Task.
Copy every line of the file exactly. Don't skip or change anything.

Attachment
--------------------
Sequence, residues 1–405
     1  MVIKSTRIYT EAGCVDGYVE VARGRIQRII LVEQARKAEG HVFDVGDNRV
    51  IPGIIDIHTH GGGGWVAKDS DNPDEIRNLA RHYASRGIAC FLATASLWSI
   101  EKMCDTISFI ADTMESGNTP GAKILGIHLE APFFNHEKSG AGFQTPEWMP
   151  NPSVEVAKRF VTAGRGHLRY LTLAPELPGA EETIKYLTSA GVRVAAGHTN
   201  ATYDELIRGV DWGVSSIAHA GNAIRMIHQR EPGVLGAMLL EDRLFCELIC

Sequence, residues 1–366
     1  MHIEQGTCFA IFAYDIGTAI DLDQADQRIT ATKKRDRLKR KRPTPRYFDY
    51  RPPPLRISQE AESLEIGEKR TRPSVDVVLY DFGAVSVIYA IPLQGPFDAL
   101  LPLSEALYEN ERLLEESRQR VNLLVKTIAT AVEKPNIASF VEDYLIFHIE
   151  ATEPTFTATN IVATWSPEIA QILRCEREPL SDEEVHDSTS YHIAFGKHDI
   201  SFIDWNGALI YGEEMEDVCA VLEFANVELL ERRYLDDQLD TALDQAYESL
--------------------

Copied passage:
Sequence, residues 1–405
     1  MVIKSTRIYT EAGCVDGYVE VARGRIQRII LVEQARKAEG HVFDVGDNRV
    51  IPGIIDIHTH GGGGWVAKDS DNPDEIRNLA RHYASRGIAC FLATASLWSI
   101  EKMCDTISFI ADTMESGNTP GAKILGIHLE APFFNHEKSG AGFQTPEWMP
   151  NPSVEVAKRF VTAGRGHLRY LTLAPELPGA EETIKYLTSA GVRVAAGHTN
   201  ATYDELIRGV DWGVSSIAHA GNAIRMIHQR EPGVLGAMLL EDRLFCELIC

Sequence, residues 1–366
     1  MHIEQGTCFA IFAYDIGTAI DLDQADQRIT ATKKRDRLKR KRPTPRYFDY
    51  RPPPLRISQE AESLEIGEKR TRPSVDVVLY DFGAVSVIYA IPLQGPFDAL
   101  LPLSEALYEN ERLLEESRQR VNLLVKTIAT AVEKPNIASF VEDYLIFHIE
   151  ATEPTFTATN IVATWSPEIA QILRCEREPL SDEEVHDSTS YHIAFGKHDI
   201  SFIDWNGALI YGEEMEDVCA VLEFANVELL ERRYLDDQLD TALDQAYESL